Change Without, Change Within

by Christopher Penczak, edited by Tina Whittle

Recently I read something whose author was taking a practitioner to task for doing “inner work” when the world so obviously needed “outer work.” The critique was a call against self-development and personal healing in favor of the community and the world. While I understand the sentiment, it also flies in the face of all that I know as an occultist and Witch.

The idea was that being self-focused is a privileged position, as many who are facing dire life-and-death situations cannot have the same focus, and our duty is to help them rather than get immersed in an egocentric sense of personal fulfillment. We should be immersed in activism, resistance, and politics, not meditation, therapy, or creativity. To worry about our own path, or the success of our own careers and relationships, is selfish. We can make our lives better by making other people’s lives better.

Even as a writer of what effectively boils down to “self-help” (though magick) books, I too cringe at some of the positive thinking books and courses out there. But I cringe because they address the symptoms—money, relationships, beauty, health, happiness—rather than the core of self. They are not getting to the inner reality, but instead address the desires and expectations, and if you are only addressing desires and expectations, then yes, I do understand this point. But through the true understanding of the core of self, we find the interconnectedness to all that is not self, to everything. Without it, we don’t have a true understanding on how our thoughts, words, and deeds really affect everyone and everything.

My foundational teachings were Witchcraft based in Hermetics, and the entry point to Hermetic teachings was the seven principles summed up in The Kybalion. I like to tell people that in focusing upon the Law of Attraction, you’ve both lost focus of its true heart and forgotten six more equally important ideas. There is the key concept known as the Principle of Mentalism that states we are all part of One Thing, within the One Mind. Another key concept is that of correspondence: “As above, so below.” The changes in one reflect the changes in the other.

The problem with focusing solely on either side of this equation is that it creates a fundamental misunderstanding of how they are both connected. Many people cannot change the outer world, and feeling failure due to the enormity of it all, withdraw and disengage. The desire to help needs to stem from an internal source. Often those escaping their own thoughts, feelings, relationships, and failures dive right into service, believing it selfless, but under those circumstances, it is actually selfish. Others dive right into their own feelings, thoughts, and problems, seeking to solve them. Some get stuck on the outer forms of success, but many go deep enough to find the authentic self, and the connection to all, allowing them to return inspired. Effective practitioners go through both cycles, eventually coming to the realization that they are the same, that working on the world is working on the self and working on the self is working on the world. I am often reminded of the teachings of a Seneca Nation elder, Grandmother Twylah, which were shared in a documentary directed by Donna Reed entitled Full Circle, part of a trilogy on Earth-based and women’s spirituality that was popular among the Witches of the early nineties: “I get a big kick out of people coming around and they’ll say, ‘What can we do to heal Mother Earth?’ Heal yourself, we tell them.”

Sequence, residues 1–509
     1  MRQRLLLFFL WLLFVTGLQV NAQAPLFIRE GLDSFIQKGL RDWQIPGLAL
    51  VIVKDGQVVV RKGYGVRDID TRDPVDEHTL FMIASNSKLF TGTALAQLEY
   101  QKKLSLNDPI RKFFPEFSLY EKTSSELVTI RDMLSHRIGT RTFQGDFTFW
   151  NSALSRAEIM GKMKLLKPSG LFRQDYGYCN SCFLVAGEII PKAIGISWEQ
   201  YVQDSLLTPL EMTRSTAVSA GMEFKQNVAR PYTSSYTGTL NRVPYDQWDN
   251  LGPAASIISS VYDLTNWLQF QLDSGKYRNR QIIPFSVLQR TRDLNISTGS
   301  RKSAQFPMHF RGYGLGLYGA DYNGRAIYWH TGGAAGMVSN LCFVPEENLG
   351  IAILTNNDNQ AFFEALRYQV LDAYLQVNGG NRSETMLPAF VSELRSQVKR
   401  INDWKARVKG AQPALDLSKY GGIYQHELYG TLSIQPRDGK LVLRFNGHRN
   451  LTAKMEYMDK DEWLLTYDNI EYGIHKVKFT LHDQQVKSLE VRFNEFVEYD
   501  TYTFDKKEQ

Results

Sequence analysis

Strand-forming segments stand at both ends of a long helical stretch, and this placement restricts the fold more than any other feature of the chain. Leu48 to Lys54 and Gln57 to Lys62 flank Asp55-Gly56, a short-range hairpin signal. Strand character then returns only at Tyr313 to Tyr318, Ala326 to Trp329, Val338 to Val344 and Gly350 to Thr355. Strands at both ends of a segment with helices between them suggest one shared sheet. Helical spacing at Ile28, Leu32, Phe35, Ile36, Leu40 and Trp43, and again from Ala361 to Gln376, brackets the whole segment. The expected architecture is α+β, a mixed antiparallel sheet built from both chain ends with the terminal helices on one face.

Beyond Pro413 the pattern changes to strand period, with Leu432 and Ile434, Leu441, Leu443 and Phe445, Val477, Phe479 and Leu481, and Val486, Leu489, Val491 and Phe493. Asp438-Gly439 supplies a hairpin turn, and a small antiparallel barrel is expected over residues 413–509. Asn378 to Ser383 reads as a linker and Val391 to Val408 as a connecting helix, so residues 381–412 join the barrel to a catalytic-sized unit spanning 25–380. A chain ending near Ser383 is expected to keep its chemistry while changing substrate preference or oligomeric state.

The two are not mutually exclusive. We cannot hope to build a better world when we are suffering from our internal wounds. And we cannot hope to heal from those wounds without looking within. Likewise if we only put a window dressing to our internal imbalances, we will not create a balanced world. Both are required for success. Each person will have a different balance. And perhaps now is a time in the pendulum swing for the outer world to be more obvious and apparent. But that doesn’t mean the inner world goes away or gets put on hold.

We don’t yet live in a society that provides the foundational layers of the popular Hierarchy of Needs, proposed by Maslow but rooted in the Blackfoot Nation’s indigenous teachings. When we have a certain level of needs met ,we can then focus on self-actualization, which often leads us to service in the world. Many celebrities and musicians blessed with quick fame and fortune will suddenly have strange epiphanies and seek to help the world; those who don’t often become engrossed in ego and accumulation. Those who seek self-actualization often realize the interconnectedness and then go on to help others, particularly with the lower rungs, the safety net, of the hierarchy of needs.

It is in that spirit we pursue both inner and outer work in the Temple of Witchcraft. Meditation, healing, and personal spellcraft are essential foundations, but opportunities for service to the spirits, the people, and the land are also a fundamental part of the work of the Witch. Our ministerial “church” is divided into twelve ministries, each with three fundamental areas—an outreach, an intercommunity, and an esoteric aspect. We weave a web of support, mentorship, and service to the growing community, providing a place where seeking students can build upon what has come before, thereby learning to serve and minister to those who in turn are also seeking. Through our personal studies and service, we each find our own place, our own balance, between the two.

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